Parades, street festivals and speeches mark Juneteenth across U.S.

Vehicles pass during the June 19 parade in Galveston, Texas, U.S., June 18, 2022. REUTERS/Evan Garcia

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ATLANTA, June 19 (Reuters) – With street parties, marching band trumpets and drums, speeches and a few political rallies, people across the United States marked June 19 this weekend, a jubilee commemorating the end of legal slavery for black Americans.

The events began Friday and continued through Sunday with concerts in San Francisco’s Golden Gate Park, freedom marches in Galveston, Texas, and jazz music in New York’s Harlem neighborhood.

“It’s America’s Day, not just African-Americans’ Day,” said Gerald Griggs, Georgia State chairman of the civil rights organization NAACP. “This is the real Independence Day, the day all Americans were free.”

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June 19, or June 19, marks the day in 1865 when a Union general informed a group of slaves in Texas that they were free. President Abraham Lincoln’s Emancipation Proclamation went into effect in 1863, during the Civil War, but could not be implemented until Union troops wrested areas from Confederate control.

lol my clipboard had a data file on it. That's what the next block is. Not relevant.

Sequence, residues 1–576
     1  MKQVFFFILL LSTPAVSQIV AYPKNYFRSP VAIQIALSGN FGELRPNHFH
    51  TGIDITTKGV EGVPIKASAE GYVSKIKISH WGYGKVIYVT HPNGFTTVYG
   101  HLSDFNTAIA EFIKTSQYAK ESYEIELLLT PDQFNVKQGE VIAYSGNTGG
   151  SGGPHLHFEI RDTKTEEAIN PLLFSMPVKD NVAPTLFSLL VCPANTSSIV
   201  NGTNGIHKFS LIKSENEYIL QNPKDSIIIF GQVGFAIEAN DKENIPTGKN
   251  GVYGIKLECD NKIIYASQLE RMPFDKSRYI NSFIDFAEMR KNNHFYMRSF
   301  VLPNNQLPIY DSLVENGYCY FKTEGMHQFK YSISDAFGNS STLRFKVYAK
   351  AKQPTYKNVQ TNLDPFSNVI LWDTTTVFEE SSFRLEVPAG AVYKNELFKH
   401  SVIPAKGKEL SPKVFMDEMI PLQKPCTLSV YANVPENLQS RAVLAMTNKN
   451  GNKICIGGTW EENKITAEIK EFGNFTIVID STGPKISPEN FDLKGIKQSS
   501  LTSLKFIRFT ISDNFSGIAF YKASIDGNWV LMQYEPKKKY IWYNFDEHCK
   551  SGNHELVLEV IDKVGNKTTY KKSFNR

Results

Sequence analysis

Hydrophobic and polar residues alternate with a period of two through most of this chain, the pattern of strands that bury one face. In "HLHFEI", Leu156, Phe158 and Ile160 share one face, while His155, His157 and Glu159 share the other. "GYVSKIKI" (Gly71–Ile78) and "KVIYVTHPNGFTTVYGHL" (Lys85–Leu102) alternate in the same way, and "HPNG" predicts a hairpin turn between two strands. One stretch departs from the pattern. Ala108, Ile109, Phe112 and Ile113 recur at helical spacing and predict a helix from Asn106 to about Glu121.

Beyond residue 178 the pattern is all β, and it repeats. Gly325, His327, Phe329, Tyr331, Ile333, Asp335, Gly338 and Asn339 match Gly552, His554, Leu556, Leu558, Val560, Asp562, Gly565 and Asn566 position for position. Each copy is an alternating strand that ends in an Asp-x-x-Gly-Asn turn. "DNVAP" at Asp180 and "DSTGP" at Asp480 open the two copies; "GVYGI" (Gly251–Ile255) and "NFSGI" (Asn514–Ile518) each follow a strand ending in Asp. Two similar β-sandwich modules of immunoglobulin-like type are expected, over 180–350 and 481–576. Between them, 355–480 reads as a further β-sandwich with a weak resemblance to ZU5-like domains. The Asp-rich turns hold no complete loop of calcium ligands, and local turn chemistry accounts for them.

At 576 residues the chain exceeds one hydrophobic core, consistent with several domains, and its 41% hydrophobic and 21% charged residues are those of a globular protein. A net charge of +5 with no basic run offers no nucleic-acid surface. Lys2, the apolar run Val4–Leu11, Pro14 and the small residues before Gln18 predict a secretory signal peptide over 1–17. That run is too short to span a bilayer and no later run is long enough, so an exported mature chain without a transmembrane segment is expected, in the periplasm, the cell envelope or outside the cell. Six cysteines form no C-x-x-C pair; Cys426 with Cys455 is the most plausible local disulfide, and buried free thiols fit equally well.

In 2021, President Joe Biden made Juneteenth a federally recognized holiday, and most states and many businesses recognize it and hold celebrations.

In a proclamation on Friday, Biden remarked on the 10 people killed in a racist shooting in Buffalo, New York, on May 14.

“We must unite against white supremacy and show that bigotry and hatred have no refuge in America,” the proclamation said.

Griggs said Juneteenth — commemorated by black people for generations — is a dark time to reflect on the need for voting rights, prisons and law enforcement reforms seen by many black Americans as discriminatory.

But he also urged all Americans to “go have fun, enjoy the party.”

Atlanta began with a festival in the heart of the city on Friday and a parade beginning at the historic Ebenezer Baptist Church where civil rights leader Martin Luther King Jr. preached.

Caroline Ware, 64, a housewife, waded through the crowds and colorful tents and bandstands of Atlanta to reach a food truck for a jerk chicken and curry snack.

“I’ll be honest, it’s a lot of fun, but I’m afraid young people don’t think enough about what it means,” Ware said. “I’ve lived here through the civil rights movement, Reverend King heard here. Looks like we got more work ahead of us.”

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Reporting by Rich McKay in Atlanta; edited by Grant McCool

Our standards: The Thomson Reuters Trust Principles.

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